Claims that people should eat more fat and fewer carbs to lose weight are oversimplified
A new report issued by the National Obesity Forum (NOF) claims that current nutritional guidance is failing because of rising obesity over the past 30 years. The report follows increasing criticism of nutrition experts, which suggests that previous evidence regarding fats, carbohydrates and obesity is flawed.
The NOF report suggests that to tackle obesity people should be advised to eat more fat of the sort found in avocados, nuts, meat, fish and eggs and follow a low carbohydrate diet. When it comes to losing weight, the sheer volume and depth of evidence available cannot possibly be comprehensively summarised into a handful of rules, and it’s worrying that the role of fats and carbohydrates in obesity are being oversimplified and presented as opposites at two ends of a scale – as if one must be ‘good’ and the other must be ‘bad’. The truth is that if either fat or carbohydrates were solely to blame for the nation’s weight problems, the obesity epidemic would have slowed years ago. This report will only add to general confusion among consumers about how to follow a healthy, sustainable lifestyle that fits with normal everyday life.
At Slimming World we agree that counting calories is not an effective way to lose weight in the long term. As our 800,000 members who lose weight each week by following Food Optimising show, it is possible to develop new healthy habits by enjoying a balanced eating plan that includes eating as much Free Foods - meat, fish, eggs, potatoes, pasta and rice as well as fruit and vegetables – as necessary to satisfy their appetite. And by enjoying an occasional sweet treat like a small chocolate bar, a slice of cake, a biscuit or a glass of wine it is still possible to lose weight without feeling deprived or restricted. What is really key to anyone struggling with their weight and at risk of developing or being treated for conditions like Type 2 diabetes is support to make changes and develop new healthy lifestyle habits including being physically active.
The NOF report may attract attention and stir debate but it is likely to further confuse the public about what will and will not help them navigate to a healthier weight in our obesogenic environment. People need clear, consistent advice, a realistic, family-friendly eating plan and, most importantly of all, the support to make sustainable changes that will enable them to manage their weight in the long-term.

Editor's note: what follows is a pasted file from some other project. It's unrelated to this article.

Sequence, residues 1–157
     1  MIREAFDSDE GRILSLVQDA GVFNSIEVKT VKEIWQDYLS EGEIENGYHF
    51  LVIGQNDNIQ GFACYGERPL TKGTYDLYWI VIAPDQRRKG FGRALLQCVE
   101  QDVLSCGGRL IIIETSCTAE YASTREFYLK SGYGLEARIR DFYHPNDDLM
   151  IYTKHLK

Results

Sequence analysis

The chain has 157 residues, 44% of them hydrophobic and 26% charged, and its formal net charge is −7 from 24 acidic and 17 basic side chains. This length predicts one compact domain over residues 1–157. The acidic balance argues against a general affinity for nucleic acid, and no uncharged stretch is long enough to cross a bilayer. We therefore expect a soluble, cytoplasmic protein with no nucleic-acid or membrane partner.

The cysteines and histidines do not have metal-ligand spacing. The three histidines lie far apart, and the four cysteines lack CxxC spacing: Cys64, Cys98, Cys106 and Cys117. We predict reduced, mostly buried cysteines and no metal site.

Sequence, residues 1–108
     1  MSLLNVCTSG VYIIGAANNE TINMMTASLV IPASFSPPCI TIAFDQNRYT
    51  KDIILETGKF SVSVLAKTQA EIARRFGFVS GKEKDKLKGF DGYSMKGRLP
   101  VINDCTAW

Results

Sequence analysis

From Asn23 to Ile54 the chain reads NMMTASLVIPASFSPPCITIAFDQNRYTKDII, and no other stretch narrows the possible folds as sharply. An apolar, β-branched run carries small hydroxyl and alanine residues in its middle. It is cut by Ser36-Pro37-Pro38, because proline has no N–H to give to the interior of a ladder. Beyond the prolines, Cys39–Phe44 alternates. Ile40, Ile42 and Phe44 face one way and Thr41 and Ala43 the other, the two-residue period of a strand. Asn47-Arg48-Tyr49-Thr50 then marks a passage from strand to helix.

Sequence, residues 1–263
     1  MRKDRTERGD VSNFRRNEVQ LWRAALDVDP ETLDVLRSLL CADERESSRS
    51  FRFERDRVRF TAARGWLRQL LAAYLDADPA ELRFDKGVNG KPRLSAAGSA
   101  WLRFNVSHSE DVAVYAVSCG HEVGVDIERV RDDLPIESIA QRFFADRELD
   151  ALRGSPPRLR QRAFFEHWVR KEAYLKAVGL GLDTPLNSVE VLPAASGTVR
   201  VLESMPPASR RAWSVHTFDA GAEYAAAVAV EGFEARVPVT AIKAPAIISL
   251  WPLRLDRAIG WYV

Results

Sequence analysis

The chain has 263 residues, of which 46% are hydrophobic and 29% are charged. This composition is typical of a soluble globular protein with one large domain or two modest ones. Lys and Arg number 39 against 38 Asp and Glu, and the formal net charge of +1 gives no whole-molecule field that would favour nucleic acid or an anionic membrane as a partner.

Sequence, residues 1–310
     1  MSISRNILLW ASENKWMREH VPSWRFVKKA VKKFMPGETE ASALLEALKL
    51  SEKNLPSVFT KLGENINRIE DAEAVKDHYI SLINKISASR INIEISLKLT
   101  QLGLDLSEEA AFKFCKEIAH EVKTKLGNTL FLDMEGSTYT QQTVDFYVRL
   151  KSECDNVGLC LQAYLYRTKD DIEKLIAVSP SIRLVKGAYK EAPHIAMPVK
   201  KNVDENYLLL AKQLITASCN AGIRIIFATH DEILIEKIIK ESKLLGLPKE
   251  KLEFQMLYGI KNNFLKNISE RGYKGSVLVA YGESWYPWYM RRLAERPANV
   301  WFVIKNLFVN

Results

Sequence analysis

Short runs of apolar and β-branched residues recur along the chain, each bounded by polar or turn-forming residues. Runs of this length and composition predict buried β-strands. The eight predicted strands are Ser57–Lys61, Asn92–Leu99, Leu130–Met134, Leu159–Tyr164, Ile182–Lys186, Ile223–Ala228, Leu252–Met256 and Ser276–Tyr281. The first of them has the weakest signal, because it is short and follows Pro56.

Slimming World was founded by Margaret Miles-Bramwell (OBE, FRSA) in 1969. There are now more than 18,000 groups held weekly across the UK and Republic of Ireland via a network of 4,000 community-based Slimming World Consultants, who receive specific training in the role of diet and physical activity in weight management, as well as sophisticated behaviour-change techniques.
Slimming World’s healthy eating plan, Food Optimising, is based on the science of satiety and energy density. Our phased activity programme, Body Magic, eases members into activity until it becomes an intrinsic part of their daily routine. The principles behind Slimming World’s philosophy are based on a deep understanding of the challenges faced by overweight people and a recognition that those who struggle with weight carry a double burden, the weight itself and a burden of guilt and shame about their weight. Slimming World’s programme integrates practical, up-to-date advice with a highly developed support system based on care and compassion, and Consultant training focuses on facilitating behaviour change in a warm and friendly group environment. Consultant training is delivered through the Slimming World Academy. Slimming World also invests in a comprehensive research programme to develop its support for long-term weight management. The group support provided by Slimming World is recognised as effective by the National Institute for Health and Clinical Excellence (NICE) and the NHS.
For more information about Slimming World’s approach visit www.slimmingworld.co.uk or call 0344 897 8000.
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